No, I'm sorry. I'm just here to spout nonsense. In my book, pronounciation is an odd beast. Words like "laboratory" and "controversy" are examples of words that have two wildly varying pronounciations, depending on which part of the world you're in. I didn't know "Andromeda" fell into that category as well, but hey.

 

I always pronounce "Andromeda" the way Barry T. Smith does it in Current Inside Copy. That way, I'm sure I'm at least somewhat on track.

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The reasoning behind this decision is that in order for a planet to be deemed habitable for humans, a man with the most minimal chances of survival needs to live there for a certain amount of time, and if a man like him can survive life on that planet, then anyone can.

I approve of this direction of thinking. :D

 

Not only that, but MacGyver's solution to surviving the trap -- I'm not making this up -- involves taking his pants off. While there's a woman trapped in the room with him.

And also of this one. :lol:

 

This episode also first aired in 1986, which makes me suspect that this might not be a coincidence, especially since the early SQ games have several MacGyver-esque puzzles.

Combining random items into workable solutions to problems was *the* fad of the 1980s. Even moreso than pastel colors, parachute pants, and buddy cop TV shows.

 

Little known fact: Space Quest was originally pitched as a TV series, with Roger as a handsome space rogue who solved problems with MacGyver-esque ingenuity, lady-killing charm, and a dazzling smile.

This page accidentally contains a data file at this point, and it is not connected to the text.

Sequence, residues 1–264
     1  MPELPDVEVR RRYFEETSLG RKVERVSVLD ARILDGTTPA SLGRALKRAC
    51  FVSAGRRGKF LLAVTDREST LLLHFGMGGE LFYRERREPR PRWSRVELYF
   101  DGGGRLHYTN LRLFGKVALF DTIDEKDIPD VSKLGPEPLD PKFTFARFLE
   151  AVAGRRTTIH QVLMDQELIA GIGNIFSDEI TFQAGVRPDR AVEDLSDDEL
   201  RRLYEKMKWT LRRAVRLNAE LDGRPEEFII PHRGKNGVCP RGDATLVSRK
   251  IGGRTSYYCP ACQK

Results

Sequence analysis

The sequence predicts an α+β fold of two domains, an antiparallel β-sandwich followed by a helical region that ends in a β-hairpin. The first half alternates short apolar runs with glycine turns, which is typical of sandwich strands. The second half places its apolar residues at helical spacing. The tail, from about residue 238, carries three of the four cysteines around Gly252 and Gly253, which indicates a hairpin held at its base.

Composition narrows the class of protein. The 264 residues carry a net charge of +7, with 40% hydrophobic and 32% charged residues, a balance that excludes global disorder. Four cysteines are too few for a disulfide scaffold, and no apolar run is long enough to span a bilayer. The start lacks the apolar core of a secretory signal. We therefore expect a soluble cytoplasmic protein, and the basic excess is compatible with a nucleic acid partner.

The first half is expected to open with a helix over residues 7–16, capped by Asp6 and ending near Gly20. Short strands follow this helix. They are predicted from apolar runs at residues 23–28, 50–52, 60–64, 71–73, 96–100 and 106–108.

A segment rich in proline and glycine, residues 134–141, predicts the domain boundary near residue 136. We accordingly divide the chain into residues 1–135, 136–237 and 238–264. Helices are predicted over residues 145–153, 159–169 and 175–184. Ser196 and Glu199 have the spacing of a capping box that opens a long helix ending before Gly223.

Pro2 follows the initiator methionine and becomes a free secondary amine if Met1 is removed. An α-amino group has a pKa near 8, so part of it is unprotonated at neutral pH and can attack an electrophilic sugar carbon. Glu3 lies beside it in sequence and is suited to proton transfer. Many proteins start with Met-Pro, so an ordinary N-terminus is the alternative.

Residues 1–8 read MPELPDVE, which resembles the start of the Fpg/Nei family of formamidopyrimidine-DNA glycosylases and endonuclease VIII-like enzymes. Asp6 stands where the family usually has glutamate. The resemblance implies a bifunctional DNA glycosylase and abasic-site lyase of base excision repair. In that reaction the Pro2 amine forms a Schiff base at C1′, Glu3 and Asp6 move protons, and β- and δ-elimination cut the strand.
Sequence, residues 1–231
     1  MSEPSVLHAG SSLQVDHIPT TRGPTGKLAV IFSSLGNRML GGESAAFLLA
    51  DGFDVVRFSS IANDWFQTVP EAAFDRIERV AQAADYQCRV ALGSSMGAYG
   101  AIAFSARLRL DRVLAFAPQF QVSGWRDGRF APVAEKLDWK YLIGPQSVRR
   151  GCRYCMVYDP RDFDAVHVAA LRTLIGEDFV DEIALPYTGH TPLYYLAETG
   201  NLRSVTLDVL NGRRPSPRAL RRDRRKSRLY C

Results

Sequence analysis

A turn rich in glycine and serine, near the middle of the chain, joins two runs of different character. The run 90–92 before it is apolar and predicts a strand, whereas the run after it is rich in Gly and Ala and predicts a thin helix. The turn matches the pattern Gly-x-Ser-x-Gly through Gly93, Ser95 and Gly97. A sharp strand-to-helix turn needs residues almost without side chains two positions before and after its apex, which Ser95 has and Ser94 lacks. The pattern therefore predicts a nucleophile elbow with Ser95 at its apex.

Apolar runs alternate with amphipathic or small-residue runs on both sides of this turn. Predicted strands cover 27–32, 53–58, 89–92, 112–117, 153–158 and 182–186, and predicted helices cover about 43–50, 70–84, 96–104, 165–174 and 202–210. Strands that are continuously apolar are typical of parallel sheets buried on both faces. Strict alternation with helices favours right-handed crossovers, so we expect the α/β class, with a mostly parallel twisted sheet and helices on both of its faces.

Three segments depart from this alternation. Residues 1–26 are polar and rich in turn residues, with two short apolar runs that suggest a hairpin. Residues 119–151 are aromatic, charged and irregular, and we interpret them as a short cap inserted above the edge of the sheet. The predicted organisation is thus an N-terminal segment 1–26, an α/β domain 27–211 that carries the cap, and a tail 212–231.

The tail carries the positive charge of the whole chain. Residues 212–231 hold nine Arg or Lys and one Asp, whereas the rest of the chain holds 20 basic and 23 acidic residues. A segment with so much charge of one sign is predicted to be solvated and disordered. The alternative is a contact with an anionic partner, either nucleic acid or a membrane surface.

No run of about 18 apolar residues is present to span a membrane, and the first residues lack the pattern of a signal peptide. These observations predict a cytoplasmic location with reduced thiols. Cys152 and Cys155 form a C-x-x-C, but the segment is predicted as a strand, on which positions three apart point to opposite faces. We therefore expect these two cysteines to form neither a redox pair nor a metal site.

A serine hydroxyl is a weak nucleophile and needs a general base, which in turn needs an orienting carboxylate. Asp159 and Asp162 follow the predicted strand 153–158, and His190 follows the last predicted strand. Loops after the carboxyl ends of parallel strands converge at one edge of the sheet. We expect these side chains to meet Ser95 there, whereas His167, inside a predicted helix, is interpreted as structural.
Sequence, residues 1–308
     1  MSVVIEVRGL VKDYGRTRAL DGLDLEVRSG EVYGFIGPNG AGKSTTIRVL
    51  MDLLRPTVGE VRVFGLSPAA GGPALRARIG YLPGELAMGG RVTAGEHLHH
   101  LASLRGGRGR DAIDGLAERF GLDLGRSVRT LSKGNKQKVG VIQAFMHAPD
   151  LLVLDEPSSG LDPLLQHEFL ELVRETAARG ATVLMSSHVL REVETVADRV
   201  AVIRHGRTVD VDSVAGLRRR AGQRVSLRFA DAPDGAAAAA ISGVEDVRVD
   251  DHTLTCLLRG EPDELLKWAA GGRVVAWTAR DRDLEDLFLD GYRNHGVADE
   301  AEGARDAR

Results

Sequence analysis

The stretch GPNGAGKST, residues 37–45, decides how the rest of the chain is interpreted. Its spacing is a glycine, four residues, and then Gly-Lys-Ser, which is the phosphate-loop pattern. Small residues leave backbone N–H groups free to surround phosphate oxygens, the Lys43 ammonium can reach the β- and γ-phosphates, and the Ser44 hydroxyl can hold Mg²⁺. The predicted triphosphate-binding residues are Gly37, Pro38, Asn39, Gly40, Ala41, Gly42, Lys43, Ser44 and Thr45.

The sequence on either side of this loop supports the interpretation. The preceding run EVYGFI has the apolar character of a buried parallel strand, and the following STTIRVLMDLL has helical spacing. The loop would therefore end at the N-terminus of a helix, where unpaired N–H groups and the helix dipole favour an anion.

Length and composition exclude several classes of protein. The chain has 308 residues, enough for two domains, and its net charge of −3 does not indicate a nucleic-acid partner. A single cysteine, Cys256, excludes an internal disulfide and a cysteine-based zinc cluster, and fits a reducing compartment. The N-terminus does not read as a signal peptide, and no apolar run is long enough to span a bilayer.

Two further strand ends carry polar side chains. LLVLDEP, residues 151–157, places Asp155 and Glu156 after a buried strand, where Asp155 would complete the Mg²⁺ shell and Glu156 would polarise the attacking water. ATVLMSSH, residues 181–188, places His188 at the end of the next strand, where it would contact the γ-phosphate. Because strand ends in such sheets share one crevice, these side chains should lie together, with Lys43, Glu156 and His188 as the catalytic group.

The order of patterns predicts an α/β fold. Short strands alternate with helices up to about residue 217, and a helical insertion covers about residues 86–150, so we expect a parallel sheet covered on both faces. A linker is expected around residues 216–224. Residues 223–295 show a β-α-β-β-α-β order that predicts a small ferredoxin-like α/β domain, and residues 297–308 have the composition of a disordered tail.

Words like "laboratory"

I have to admit, "Welcome to Dexter's LAB-rat-or-y!" doesn't sound nearly as awesome as "la-BOR-a-tor-y".

 

 

Back to the subject at hand...I watch a lot of Boomerang (the classic cartoon channel), and every time Hong-Kong Phooey comes on, I can't help but grin. The titular character is a kung-fu "master" who "solves" crimes by bumbling through them with a flair matched only by Max Smart and Inspector Gadget, winning the day mostly through dumb luck. His secret identity/day job? Janitor at the police station. ;) Much like Roger, he gets actively disrespected while in his janitor guise, although in this case it's intentional - his 'lowly' role lets him eavesdrop on incoming police calls so he knows where his superhero self is needed.

 

Another one that reminds me of SQ is the Dead Space series of games. Much like Roger, protagonist Issac Clarke is an Everyman (in this case, an engineer) who ends up trapped in a hostile, space-based situation with enemies out for his blood and no real combat experience. He also MacGyver's solutions to his problems - though in his case, this mostly means using his engineering skills to turn mining tools into weapons for shooting his way through them. B)